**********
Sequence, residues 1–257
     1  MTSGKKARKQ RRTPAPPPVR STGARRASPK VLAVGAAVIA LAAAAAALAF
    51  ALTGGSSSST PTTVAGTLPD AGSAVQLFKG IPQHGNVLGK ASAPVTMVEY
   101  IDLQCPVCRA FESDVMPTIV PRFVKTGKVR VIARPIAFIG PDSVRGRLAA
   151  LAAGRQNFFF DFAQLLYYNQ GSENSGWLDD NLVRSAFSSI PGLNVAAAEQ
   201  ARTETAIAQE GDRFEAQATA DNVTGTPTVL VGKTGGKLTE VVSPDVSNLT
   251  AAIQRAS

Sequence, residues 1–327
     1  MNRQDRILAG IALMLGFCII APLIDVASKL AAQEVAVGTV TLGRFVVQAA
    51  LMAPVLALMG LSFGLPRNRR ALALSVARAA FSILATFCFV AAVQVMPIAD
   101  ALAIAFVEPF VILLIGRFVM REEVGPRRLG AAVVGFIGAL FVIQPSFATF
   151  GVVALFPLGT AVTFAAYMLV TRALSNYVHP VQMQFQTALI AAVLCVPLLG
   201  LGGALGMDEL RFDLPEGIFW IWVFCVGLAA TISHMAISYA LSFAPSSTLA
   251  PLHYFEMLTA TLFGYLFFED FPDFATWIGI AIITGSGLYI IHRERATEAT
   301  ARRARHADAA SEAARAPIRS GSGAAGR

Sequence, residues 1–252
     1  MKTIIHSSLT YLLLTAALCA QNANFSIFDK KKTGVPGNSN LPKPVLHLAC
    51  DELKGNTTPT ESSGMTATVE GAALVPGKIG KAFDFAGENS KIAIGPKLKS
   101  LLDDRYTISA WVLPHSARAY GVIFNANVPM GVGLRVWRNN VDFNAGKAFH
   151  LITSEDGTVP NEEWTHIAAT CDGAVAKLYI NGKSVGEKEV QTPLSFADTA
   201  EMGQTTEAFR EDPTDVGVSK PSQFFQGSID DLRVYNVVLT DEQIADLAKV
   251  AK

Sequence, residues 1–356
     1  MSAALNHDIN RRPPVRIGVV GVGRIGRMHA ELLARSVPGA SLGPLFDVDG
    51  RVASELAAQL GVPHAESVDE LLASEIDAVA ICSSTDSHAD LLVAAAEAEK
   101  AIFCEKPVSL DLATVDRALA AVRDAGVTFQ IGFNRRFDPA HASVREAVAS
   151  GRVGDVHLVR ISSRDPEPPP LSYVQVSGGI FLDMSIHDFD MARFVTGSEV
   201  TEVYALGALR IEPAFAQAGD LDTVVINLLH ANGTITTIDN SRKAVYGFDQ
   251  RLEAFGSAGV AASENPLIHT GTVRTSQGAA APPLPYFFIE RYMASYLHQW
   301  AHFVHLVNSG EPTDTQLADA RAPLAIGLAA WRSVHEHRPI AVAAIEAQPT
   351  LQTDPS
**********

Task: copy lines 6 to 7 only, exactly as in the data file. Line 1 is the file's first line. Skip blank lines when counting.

   201  ARTETAIAQE GDRFEAQATA DNVTGTPTVL VGKTGGKLTE VVSPDVSNLT
   251  AAIQRAS